GFMC: Forest Fires in the United States

Forest Fires in the United States

8 May 2002

Wildland Fire Update
The National Interagency Fire Center (NIFC) based in Boise (Idaho) provides key information on current wildland fire situations, related information and background materials. The following information is updated daily and can be accessed directly:

  • State-by-State daily and year-to-date summary of fire activities
  • Year-to-date State-by-State total number of wildland fires and area burned (table)
  • Daily locations of large fires (map)

The National Interagency Coordination Center (NICC)  provides daily situation reports. These reports include:

  • Incident Management Situation Reports (fires and area burned reported to NICC). The files include current, previous and archived reports
  • Prescribed Fire and Wildland Fire Use (year-to-date fires and area burned reported to NICC, posted weekly on Monday mornings)

Archived NICC Incident Management Reports (recent daily reports and archived daily reports 1994-1997) are provided by the Center for International Disaster Information (CIDI)

Fire Weather & Fire Danger Information
The Wildland Fire Assessment System (WFAS) is a contribution of “The Fire Behavior Research Work Unit”, Missoula (Montana USA). The broad area component of the Wildland Fire Assessment System (WFAS) generates maps of selected fire weather and fire danger components.

Fire Danger (Potential) is a normalized adjective rating class across different fuel models and station locations. It is based on information provided by local station managers about the primary fuel model, fire danger index selected to reflect staffing level, and climatological class breakpoints. Low danger (Class 1) is green and extreme potential (Class 5) is red.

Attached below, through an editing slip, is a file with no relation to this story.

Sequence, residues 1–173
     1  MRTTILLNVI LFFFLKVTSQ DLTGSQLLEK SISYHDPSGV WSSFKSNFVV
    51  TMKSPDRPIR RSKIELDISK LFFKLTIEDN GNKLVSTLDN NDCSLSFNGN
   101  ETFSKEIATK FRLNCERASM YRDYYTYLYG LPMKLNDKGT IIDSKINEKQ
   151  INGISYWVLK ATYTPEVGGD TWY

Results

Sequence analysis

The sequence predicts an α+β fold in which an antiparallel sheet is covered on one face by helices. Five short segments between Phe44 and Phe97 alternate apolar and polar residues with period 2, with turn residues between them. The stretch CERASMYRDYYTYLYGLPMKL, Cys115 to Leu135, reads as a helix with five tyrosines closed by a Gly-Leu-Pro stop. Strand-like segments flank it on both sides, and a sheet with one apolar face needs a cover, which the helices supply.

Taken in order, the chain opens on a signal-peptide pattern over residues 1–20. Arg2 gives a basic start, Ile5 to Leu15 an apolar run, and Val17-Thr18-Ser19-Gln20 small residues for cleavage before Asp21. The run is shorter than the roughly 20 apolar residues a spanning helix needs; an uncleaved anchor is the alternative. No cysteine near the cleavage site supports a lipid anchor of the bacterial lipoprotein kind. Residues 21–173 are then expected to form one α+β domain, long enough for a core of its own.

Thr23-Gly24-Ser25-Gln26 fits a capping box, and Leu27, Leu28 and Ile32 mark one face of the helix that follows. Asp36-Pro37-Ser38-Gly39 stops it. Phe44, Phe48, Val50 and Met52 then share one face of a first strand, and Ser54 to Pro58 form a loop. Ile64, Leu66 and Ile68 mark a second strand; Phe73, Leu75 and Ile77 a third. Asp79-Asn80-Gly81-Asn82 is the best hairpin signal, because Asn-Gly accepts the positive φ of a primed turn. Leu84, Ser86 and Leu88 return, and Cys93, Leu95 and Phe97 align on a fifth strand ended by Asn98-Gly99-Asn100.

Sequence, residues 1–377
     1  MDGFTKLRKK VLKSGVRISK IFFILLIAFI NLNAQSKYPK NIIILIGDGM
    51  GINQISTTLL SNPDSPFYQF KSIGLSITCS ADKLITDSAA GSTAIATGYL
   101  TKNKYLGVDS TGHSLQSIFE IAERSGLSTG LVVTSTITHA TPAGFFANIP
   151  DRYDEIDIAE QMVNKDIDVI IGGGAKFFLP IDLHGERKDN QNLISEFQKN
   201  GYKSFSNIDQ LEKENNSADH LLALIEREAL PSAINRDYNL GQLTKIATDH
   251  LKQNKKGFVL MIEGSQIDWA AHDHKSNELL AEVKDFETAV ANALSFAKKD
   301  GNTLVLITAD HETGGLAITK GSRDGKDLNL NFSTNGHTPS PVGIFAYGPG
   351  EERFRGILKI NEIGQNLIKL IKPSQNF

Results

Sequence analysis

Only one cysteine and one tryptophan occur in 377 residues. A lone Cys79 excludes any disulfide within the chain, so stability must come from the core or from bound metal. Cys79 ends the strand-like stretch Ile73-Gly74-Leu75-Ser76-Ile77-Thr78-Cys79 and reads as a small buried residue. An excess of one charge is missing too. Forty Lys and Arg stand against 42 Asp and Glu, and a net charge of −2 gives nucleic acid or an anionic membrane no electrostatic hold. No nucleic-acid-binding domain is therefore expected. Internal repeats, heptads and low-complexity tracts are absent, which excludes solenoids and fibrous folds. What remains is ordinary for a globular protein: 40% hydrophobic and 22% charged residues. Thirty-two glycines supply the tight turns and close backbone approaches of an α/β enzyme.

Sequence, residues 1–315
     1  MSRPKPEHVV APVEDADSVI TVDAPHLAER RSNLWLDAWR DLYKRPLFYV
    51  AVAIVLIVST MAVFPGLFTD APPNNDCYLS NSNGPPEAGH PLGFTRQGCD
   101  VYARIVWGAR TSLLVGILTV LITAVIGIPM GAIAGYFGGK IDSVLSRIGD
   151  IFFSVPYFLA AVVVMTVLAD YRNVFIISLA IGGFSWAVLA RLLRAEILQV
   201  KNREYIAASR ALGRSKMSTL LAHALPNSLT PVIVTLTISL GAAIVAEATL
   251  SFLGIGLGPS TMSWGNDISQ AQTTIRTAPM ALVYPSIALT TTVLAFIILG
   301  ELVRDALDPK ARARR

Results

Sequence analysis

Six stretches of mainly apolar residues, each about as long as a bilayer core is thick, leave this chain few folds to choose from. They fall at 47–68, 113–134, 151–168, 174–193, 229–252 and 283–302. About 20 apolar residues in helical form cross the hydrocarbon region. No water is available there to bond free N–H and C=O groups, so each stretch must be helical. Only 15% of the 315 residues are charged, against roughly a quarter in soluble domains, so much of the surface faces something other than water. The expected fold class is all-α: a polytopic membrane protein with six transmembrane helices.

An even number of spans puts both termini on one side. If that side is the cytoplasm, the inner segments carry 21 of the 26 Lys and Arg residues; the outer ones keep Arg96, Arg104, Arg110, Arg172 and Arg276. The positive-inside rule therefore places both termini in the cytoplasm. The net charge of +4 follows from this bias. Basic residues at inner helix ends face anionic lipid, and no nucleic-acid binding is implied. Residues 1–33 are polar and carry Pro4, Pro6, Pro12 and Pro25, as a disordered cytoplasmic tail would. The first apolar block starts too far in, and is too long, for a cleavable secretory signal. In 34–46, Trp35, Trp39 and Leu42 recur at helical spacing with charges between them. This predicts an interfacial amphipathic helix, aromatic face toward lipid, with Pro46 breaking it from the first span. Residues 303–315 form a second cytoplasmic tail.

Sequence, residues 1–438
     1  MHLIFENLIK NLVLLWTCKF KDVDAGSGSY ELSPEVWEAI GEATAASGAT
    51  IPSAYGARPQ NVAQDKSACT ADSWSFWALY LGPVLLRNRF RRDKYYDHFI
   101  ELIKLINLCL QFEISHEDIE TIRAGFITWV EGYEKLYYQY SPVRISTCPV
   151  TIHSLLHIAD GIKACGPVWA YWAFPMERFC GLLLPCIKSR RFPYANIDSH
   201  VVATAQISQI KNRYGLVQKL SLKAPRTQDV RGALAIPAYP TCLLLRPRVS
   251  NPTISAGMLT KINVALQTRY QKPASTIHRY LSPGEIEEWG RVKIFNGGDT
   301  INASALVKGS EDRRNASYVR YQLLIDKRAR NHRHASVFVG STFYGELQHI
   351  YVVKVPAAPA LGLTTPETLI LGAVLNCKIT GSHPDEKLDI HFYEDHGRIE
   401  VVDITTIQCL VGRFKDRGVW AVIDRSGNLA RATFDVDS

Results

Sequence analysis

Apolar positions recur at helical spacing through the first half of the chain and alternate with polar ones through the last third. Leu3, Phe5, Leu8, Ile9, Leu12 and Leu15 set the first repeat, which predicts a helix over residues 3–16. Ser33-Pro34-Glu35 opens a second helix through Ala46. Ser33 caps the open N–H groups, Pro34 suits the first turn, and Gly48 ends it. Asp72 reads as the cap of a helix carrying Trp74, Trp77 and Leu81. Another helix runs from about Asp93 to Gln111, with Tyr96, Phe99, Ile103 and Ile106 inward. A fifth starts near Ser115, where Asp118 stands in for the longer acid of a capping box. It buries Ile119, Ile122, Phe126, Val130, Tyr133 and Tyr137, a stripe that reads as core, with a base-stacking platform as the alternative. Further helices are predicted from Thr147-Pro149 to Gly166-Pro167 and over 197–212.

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Fire danger maps for the United States for 7 May 2002 (observation time) and8 May 2002 (forecast)
(Source: WAFS)

Dead fuel moisture responds solely to ambient environmental conditions and is critical in determining fire potential. Dead fuel moistures are classed by timelag.

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10-HR Fuel Moisture

100-HR Fuel Moisture

1000-HR Fuel Moisture

Fuel moisture maps for conterminous US, 7 May 2002
(Source: WAFS)

The Keetch-Byram Drought Index (KBDI) is a soil/duff drought index. Factors in the index are maximum daily temperature, daily precipitation, antecedent precipitation, and annual precipitation. The index ranges from 0 (no drought) to 800 (extreme drought) (details).

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Keetch-Byram Drought Index Maps for conterminous US, 1 May 2002
(Source: WAFS)

Operational Significant Event Imagery (OSEI)
The following significant events were identified by Satellite Analysis Branch meteorologists and reviewed by the OSEI support team of the National Oceanic and Atmospheric Administration (NOAA):

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NESDIS/OSEI NOAA-14 POES AVHRR LAC satellite images,
A heat signature (red) and smoke (light blue haze) are visible from a fire burning to the east of Santa Fe, New Mexico. The fire has charred nearly 600 acres and is located in the Santa Fe National Forest.
(Source: OSEI/NOAA)

Hundreds Evacuated in N. Mexico Fire
PECOS, N.M. (AP) — Firefighters worked to protect houses and a watershedon Tuesday from a northern New Mexico wildfire that had forced hundreds ofpeople out of their homes.